This is part two – if you’d like to start with part one, click here.
Kirby’s was not a works filled food distributing, hammer-swingin’ mission. We were there to evangelize, to spread the good news. “Sure,” Kirby explained, “We can, and we often do, clothe them and feed them for a day, but when we’re gone, it’s still just a miserable existence for these poor people.” By spreading the Gospel, we give them hope, something to look forward to, knowledge of our God who loves them and gives them strength and a will to life and love as they struggle through each day.
His logical explanation reminded me of Viktor Frankl’s observations of time spent in the death camps of the Holocaust – the ones that survived were the ones who had hope, a reason to survive, to scratch out an existence, to love and serve each other. They knew that their captors, their misery, only had power over them if they chose to let them, they would then give up hope and autonomy, and quickly their lives faded away.
Each day we walked most of the morning to a neighboring village. Only one had a well, and it was not potable water. The village leader gave us a walking tour as we were tailed by dozens of filthy and naked children, and we saw the well that the huts and the village were build around. A naked woman was sponge bathing and washing her clothes there in a bucket as her friend washed the families cooking pot into this water source. “Wow,” I thought, “This is one of the most incredible things I’ve ever seen – a living National Geographic magazine. These kids will never forget this: This vision of true poverty, hunger and thirst, a third world culture, a three hour flight from home.”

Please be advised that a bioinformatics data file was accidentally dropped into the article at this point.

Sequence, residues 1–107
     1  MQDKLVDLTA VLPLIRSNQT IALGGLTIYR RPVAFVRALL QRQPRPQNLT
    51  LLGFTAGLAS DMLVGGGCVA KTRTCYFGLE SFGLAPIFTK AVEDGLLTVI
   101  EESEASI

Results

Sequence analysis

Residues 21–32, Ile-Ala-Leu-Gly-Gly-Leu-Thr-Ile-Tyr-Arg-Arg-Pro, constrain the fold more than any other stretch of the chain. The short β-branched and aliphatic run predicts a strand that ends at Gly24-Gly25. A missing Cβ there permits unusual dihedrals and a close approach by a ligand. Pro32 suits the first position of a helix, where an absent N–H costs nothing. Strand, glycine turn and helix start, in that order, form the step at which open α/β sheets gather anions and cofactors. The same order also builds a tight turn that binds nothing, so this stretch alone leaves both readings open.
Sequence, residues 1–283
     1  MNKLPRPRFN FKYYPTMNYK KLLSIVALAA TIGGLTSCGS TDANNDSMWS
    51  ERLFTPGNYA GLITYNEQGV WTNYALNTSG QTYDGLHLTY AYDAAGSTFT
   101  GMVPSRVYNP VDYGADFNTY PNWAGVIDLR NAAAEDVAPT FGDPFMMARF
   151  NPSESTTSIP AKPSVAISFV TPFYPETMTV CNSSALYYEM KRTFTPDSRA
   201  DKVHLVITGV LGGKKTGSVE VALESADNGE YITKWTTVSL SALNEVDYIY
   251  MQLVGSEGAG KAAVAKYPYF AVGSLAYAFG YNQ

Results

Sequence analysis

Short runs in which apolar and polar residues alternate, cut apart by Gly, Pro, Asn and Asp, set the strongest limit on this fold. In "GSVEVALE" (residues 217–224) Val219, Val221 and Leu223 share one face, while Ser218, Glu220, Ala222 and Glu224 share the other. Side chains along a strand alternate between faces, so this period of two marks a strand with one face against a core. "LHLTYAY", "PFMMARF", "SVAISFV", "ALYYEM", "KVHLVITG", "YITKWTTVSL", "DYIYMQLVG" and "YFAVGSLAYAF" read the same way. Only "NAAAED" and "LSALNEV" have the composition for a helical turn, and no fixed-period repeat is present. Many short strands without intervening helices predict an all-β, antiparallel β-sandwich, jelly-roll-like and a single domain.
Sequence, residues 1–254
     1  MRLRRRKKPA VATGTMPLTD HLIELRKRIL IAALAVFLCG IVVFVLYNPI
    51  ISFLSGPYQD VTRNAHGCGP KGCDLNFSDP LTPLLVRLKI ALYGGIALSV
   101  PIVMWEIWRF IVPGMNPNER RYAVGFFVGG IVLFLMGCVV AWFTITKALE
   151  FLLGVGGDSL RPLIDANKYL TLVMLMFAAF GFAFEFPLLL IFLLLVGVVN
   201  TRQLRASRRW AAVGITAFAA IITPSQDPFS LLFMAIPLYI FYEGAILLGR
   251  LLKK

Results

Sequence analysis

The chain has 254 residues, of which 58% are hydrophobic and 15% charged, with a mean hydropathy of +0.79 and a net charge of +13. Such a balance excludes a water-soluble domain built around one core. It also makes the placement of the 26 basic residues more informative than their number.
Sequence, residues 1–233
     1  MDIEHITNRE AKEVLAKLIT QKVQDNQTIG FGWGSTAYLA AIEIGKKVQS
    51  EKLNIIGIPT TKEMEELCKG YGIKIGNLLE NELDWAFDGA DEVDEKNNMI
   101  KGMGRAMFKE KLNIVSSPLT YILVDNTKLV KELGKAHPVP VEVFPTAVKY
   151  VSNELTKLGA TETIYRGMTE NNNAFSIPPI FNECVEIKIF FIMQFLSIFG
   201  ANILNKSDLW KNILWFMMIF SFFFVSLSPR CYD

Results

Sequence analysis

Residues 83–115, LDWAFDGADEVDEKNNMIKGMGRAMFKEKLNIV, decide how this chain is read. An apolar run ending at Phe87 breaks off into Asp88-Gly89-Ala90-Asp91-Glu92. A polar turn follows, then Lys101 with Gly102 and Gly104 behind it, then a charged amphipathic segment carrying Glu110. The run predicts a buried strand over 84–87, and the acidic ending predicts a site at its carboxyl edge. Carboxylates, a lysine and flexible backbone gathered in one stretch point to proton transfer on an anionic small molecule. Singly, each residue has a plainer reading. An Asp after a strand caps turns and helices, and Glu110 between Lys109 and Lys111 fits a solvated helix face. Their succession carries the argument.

These little villages all seemed to have a small church, and the best I could tell, were all served by Pastor Beau, a seemingly close associate of Kirby. We would all stay up late at night discussing faith issues, and he was curious that I could clarify and scripturally justify some major misconceptions he had about Catholicism; He seemed most fascinated to learn that some random Pope hadn’t inserted 7 extra books into the Bible, rather Luther disliked them and so after having been there for 1000 years, they were soon removed. Beau was equally impressed to find Cullen and me reading morning scripture as the sun was rising over the beautiful horizon.